Academic medical centers, in America and elsewhere, have undertaken a massive pivot to take on the war against SARS-CoV-2. These multi-faceted centers possess a very important resource: human capital and the know-how to use advanced technology tools and products. Researchers—from basic scientists to clinical investigators and data scientists—have turned to a number of data sets and solutions from shared data pools, data analytics, and artificial intelligence algorithms to sophisticated drug discovery technologies. Many of these organizations have turned to the Google Cloud to handle the surge in data faced by many of these organizations.
COVID-19 Google Cloud Credits
Recently published by Analytics India, $20 million worth of Google Cloud credits were made available to researchers in the fight against COVID-19. Google partnered with Harvard Global Health Institute to ensure an orderly and proper distribution—proposals are reviewed by Harvard HI and proposals on a rolling basis.
Google recently touted that free COVID-19 public data sets are available for query like Johns Hopkins Center for Systems Science and Engineering COVID-19 data, the U.S Census Bureau American Community Survey data, and OpenStreetMap data. Google joined the COVID-19 Healthcare Coalition, a group of healthcare tech, and research organizations sharing resources to fight the pathogen. Members include athenahealth, Mayo Clinic, University of California Health System, and others.
Supporting the Public Sector Fight against COVID-19
Google reports pervasive collaborative efforts around the world involving the battle against the coronavirus. In America, the Silicon Valley-based company coordinates with the White House supporting institutions to develop new text and data mining techniques to examine the COVID-19 Open Research Data (CORD-19), the most extensive machine-readable coronavirus repository to date, reports the company. In New York City, the school district uses Google Classroom for more than 1.3 million students, enabling them to continue their studies.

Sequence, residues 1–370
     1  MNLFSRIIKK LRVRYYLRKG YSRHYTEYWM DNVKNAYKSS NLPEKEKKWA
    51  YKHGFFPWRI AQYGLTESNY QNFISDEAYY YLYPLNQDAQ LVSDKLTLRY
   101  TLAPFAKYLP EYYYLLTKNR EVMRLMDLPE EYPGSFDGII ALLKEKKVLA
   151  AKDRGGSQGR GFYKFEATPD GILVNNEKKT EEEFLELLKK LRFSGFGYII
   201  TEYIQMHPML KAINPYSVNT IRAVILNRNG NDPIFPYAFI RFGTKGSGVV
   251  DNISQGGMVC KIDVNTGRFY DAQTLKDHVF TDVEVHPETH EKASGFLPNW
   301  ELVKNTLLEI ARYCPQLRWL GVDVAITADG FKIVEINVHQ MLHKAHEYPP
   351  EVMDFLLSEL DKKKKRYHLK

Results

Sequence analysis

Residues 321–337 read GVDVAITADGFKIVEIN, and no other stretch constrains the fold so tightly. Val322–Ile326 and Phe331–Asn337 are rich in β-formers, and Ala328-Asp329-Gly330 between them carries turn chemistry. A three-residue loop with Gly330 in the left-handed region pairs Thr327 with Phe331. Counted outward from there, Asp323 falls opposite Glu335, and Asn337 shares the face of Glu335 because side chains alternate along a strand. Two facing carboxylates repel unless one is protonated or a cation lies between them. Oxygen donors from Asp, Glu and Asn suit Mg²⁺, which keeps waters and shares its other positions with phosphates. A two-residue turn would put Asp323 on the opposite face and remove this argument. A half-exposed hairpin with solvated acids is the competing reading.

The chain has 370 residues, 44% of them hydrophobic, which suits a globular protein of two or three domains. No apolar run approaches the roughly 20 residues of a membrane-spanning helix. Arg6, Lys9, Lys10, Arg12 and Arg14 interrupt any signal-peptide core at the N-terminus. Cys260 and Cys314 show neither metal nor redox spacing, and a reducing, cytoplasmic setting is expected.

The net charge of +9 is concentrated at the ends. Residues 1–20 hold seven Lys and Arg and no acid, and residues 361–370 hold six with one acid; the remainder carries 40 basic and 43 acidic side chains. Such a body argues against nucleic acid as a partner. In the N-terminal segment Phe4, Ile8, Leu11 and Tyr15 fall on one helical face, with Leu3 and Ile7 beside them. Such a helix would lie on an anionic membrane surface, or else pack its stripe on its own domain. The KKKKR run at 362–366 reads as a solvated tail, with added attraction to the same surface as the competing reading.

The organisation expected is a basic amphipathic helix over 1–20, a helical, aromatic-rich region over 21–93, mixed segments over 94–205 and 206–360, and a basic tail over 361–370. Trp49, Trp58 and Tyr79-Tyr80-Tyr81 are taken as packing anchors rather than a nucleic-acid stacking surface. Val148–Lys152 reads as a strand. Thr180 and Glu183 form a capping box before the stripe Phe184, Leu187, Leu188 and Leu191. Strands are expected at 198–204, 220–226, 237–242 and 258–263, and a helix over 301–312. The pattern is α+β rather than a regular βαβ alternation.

They report supporting agencies such as the Oklahoma State Department of Health to support medical staff with remote care programs; apparently the app, developed with the MTX Group, an emergency response management solution, allows medical staff to engage remotely with at-risk people who may have been exposed to the coronavirus.
In Spain, Google developed an app for the regional government of Madrid to help citizens perform self-assessments of coronavirus symptoms and offer guidance, easing the demands on the health system. Google has partnered with the Italian Ministry of Education to rapidly shift students entirely to remote learning.
The Australian Government Department of Health launched its Coronavirus Australia app built on Google Cloud—offering real-time information and advice about the rapidly unfolding COVID-19 pandemic. In South America, Peru’s Judiciary branch uses Google Meet to continue ongoing business during the nation-wide quarantine. Consequently, attorneys, lawyers, and clerks can continue to work without being on site.
Call to Action: Health researchers, check out the online application for access to the Google Research Credit application.